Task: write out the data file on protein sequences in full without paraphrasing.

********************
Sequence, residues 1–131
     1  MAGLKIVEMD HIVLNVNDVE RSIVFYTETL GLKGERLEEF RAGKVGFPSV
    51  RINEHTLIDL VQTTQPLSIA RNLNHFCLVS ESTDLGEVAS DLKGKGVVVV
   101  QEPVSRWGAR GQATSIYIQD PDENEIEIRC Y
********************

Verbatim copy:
Sequence, residues 1–131
     1  MAGLKIVEMD HIVLNVNDVE RSIVFYTETL GLKGERLEEF RAGKVGFPSV
    51  RINEHTLIDL VQTTQPLSIA RNLNHFCLVS ESTDLGEVAS DLKGKGVVVV
   101  QEPVSRWGAR GQATSIYIQD PDENEIEIRC Y